Extreme weather is to blame for supermarket salad shelves being empty around the country again, but one grower says the solution is not as easy as just taking lettuce-growing indoors.
Earlier this month, Niwa said a third La Nina weather pattern would bring continued weather extremes next year. Growers and economists said this would mean intermittent shortages of fresh produce as well as volatility in the price that consumers would pay.
The rain hampered growing business Leaderbrand’s ability to harvest and plant crops because tractors could not go out in the fields when there was too much mud. This meant one bad week of weather could throw out a planting schedule for weeks and lead to supply issues at supermarkets.
But Leaderbrand chief executive Richard Burke said that although the company had recently invested in indoor growing facilities, it was not a silver bullet that would assure an uninterrupted supply of fresh produce. Excessive or too little moisture played the biggest part in crop losses. It would be controlled in an indoor facility, Burke said.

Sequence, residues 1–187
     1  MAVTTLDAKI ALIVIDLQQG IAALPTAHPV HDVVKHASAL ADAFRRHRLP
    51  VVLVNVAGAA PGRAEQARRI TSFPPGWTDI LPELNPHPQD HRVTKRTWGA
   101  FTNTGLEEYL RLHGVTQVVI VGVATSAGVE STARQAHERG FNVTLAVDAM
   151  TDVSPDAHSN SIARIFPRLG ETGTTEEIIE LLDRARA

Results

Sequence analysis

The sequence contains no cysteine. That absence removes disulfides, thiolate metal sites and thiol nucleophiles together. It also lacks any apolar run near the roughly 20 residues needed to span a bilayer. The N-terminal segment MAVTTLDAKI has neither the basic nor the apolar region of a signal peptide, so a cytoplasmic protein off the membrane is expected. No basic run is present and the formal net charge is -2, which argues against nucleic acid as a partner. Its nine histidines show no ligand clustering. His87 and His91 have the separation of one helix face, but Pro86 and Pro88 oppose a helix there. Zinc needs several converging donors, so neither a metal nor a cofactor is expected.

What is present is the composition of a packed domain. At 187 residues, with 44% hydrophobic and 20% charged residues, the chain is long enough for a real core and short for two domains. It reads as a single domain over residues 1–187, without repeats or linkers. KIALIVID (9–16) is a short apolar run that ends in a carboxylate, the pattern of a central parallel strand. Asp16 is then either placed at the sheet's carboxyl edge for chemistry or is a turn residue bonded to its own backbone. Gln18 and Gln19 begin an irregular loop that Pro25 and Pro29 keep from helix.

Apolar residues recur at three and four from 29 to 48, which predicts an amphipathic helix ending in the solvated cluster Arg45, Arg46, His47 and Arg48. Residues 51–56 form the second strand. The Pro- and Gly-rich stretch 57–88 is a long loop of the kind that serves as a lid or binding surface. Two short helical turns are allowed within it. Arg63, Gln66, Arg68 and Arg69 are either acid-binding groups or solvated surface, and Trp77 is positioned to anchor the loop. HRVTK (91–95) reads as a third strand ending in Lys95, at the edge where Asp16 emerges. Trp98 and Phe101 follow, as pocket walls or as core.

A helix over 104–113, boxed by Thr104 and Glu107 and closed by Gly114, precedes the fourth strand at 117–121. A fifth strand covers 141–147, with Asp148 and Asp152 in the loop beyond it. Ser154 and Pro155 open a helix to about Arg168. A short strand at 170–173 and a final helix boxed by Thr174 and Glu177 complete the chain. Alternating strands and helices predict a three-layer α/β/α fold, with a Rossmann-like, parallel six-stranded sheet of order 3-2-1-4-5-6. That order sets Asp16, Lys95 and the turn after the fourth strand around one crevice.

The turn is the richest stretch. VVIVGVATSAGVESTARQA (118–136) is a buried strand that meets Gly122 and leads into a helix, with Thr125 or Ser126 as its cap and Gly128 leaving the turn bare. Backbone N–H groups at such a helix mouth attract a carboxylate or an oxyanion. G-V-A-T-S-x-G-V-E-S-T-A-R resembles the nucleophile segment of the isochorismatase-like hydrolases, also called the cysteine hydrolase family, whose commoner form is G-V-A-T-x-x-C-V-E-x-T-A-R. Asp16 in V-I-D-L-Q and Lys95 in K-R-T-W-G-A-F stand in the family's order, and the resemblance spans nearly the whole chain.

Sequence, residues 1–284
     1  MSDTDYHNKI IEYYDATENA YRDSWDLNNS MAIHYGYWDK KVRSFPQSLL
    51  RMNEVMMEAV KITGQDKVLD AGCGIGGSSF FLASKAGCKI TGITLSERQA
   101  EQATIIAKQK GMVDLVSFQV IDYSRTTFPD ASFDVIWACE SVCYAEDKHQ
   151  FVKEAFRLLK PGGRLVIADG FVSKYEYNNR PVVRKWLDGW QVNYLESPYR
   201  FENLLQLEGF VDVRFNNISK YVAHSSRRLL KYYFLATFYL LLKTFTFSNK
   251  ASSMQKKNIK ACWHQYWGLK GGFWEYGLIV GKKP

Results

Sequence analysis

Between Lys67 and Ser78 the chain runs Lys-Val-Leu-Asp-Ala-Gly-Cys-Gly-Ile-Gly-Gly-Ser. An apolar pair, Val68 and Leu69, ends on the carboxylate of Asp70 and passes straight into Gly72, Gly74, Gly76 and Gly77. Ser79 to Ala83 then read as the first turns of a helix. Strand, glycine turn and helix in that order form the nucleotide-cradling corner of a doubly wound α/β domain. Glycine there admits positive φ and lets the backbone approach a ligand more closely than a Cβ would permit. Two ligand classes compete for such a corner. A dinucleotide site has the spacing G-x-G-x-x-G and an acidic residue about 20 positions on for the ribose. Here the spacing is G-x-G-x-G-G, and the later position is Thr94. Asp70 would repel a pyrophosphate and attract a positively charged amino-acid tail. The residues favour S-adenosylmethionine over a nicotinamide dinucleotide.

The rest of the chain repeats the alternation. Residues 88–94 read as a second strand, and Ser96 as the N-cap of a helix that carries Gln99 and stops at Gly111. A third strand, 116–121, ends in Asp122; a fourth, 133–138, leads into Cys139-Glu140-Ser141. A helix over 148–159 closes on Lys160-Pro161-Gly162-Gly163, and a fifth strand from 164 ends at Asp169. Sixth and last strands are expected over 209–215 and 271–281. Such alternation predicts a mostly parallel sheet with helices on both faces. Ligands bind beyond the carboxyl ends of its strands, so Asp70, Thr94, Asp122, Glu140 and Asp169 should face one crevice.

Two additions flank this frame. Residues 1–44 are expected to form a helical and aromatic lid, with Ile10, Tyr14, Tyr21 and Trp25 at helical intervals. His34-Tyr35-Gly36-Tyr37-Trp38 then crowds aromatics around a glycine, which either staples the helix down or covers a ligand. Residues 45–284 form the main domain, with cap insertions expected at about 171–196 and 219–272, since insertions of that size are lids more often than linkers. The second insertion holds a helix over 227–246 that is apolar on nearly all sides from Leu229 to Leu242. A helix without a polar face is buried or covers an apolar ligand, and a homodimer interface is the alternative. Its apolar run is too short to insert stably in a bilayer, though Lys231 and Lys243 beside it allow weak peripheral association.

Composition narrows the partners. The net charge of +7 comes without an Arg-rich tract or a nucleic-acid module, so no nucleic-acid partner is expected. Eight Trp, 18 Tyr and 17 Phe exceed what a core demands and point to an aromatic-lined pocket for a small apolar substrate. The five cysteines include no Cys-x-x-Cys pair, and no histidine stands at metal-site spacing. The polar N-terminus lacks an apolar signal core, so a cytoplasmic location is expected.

But changing from outdoors to indoor growing was not necessarily the right financial move for growers because the cost of building indoor growing facilities was more than $1 million per hectare, Burke said. There were other costs on top of that, such as land.
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